The debate among parents regarding the use of human milk vs. formula wages on, but according to a recent study, you can chalk one up for the human body. That study, headed by the Johns Hopkins University in Baltimore, concluded that premature babies fed human donor milk were less likely to develop the intestinal condition necrotizing enterocolitis (NEC). Both sides has its advocates, willing to do battle at any time. When it comes to NEC, Mom’s milk has the decided advantage.
What is NEC?
Necrotizing enterocolitis. Never heard of it? It is a frequent cause of mortality and morbidity in very low birth weight (VLBW) infants. The condition is typically seen in premature infants, and the timing of its onset is generally inversely proportional to the gestational age of the baby at birth, i.e. the earlier a baby is born, the later the signs of NEC are typically seen.
Initial symptoms include feeding intolerance, increased gastric residuals, abdominal distension and bloody stools. Symptoms may progress rapidly to abdominal discoloration with intestinal perforation and peritonitis and systemic hypotension requiring intensive medical support.
The diagnosis is usually suspected clinically but often requires the aid of diagnostic imaging modalities. Radiographic signs of NEC include dilated bowel loops, paucity of gas, a “fixed loop” (unaltered gas-filled loop of bowel), pneumatosis intestinalis (gas cysts in the bowel wall), portal venous gas, and pneumoperitoneum (extraluminal or “free air” outside the bowel within the abdomen). The pathognomic finding on plain films is pneumatosis intestinalis . More recently ultrasonography has proven to be useful as it may detect signs and complications of NEC before they are evident on radiographs. Diagnosis is ultimately made in 5-10% of very low-birth-weight infants (<1,500g).
The role of human milk in both prevention and treatment of NEC has long been recognized. The familiar arguments, cost, inconvenience, etc., are largely inapplicable to the very low birth weight infant. Mothers of very low birth weight infants often experience insufficient milk production, resulting in mixed feedings of human milk and formula. Moreover, medical complications often limit the volume of feeding these infants can be given. The analysis shifts, therefore, with the new focus on the medical needs of the child and not simply on whether or not breast feeding is convenient for Mom or whether formula is too expensive for the household budget.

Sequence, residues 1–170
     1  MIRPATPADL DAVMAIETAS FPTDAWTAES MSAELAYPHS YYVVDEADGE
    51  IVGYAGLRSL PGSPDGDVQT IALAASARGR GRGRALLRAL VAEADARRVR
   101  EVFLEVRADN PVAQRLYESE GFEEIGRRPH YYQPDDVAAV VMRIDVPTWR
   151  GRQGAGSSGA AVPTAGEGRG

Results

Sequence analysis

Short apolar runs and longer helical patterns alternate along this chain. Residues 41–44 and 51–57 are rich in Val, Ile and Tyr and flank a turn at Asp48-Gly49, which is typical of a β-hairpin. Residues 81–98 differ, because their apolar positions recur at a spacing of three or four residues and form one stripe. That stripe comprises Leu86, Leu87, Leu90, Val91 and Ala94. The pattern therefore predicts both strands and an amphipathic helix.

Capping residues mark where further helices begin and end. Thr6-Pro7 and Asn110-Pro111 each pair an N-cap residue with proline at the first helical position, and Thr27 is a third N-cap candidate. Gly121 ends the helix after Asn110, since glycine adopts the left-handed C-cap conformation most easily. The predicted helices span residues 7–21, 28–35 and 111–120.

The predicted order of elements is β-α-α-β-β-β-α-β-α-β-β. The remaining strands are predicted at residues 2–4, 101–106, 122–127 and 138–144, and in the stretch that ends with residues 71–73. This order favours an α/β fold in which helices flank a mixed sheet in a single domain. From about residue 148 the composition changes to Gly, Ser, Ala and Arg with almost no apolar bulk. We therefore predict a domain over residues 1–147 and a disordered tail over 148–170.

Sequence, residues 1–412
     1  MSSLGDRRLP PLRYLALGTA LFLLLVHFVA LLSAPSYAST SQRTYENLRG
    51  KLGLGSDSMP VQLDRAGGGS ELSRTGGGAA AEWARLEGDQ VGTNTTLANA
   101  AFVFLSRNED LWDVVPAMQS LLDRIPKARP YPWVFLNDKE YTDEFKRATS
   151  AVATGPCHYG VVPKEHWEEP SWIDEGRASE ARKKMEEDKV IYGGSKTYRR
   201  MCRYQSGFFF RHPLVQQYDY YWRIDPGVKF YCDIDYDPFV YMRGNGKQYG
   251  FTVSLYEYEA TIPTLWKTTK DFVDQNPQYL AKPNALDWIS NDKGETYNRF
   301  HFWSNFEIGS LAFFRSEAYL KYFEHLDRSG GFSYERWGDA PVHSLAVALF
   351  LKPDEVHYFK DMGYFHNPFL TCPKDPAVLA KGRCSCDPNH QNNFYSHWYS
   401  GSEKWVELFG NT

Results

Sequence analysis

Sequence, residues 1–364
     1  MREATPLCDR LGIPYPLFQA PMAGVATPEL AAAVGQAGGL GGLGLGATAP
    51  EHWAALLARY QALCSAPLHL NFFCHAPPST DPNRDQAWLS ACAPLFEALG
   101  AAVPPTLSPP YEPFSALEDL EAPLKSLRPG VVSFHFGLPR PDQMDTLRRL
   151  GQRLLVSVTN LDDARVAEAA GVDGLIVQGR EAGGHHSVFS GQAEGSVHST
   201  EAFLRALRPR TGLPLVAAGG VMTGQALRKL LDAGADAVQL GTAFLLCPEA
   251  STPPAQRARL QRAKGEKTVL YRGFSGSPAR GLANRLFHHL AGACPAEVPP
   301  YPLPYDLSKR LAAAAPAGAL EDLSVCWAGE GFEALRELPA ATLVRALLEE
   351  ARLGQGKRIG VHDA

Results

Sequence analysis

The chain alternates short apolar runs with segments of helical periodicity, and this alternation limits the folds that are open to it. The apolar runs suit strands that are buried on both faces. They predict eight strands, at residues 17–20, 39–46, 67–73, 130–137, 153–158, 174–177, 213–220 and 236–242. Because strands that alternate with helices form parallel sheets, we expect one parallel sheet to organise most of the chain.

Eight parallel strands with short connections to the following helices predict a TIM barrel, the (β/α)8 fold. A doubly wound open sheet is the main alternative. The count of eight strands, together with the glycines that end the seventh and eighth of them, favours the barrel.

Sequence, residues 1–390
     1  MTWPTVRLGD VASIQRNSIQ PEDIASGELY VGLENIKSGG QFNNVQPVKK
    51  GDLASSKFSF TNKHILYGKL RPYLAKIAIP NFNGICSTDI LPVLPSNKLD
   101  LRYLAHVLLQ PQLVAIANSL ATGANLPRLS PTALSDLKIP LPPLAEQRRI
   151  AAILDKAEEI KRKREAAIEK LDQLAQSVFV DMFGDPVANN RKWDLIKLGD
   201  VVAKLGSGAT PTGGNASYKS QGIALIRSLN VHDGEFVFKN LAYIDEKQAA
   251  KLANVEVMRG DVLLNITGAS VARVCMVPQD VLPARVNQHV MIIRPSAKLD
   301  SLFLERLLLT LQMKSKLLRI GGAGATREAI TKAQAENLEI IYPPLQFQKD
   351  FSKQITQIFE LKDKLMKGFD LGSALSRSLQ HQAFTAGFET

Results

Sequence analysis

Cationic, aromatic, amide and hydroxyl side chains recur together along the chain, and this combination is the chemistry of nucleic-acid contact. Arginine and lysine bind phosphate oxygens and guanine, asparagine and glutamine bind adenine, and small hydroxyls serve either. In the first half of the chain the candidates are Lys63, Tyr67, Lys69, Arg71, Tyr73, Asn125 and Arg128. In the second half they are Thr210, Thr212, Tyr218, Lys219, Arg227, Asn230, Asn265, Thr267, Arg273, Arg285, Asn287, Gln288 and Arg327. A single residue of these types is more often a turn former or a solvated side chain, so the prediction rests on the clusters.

Human milk, whether mother’s own or from a donor, provides significant protection against many of the known risk factors of NEC as well as therapeutic protection for the infant recovering from NEC. The study shows that enteral feeding containing at least 50% human milk in the first 14 days of life was associated with a sixfold decrease in the odds of NEC. The stark differences in the risk of NEC, its complications and the need for surgery between babies who receive human donor milk and those who get formula signal the need for a change in feeding practices across neonatal intensive care units,” said lead investigator Elizabeth Cristofalo, a neonatologist at the Johns Hopkins Children’s Center.
Those numbers are encouraging, particularly for the vulnerable very low birth weight infant. In the absence of mother’s own milk, donor human milk could be life saving for fragile preterm infants, who are at the highest risk of developing NEC. Undoubtedly the use of non-human milk (formula) remains an option that many parents may choose to exercise. The study, however, suggests that it is the inappropriate choice for some. I have a sneaking suspicion that they are not interested in participating in the human vs. non-human milk debate.
Question: Have you made a decision about human vs. non-human milk? Why did you choose one over the other?
Image courtesy of breastfeedingtechniques.com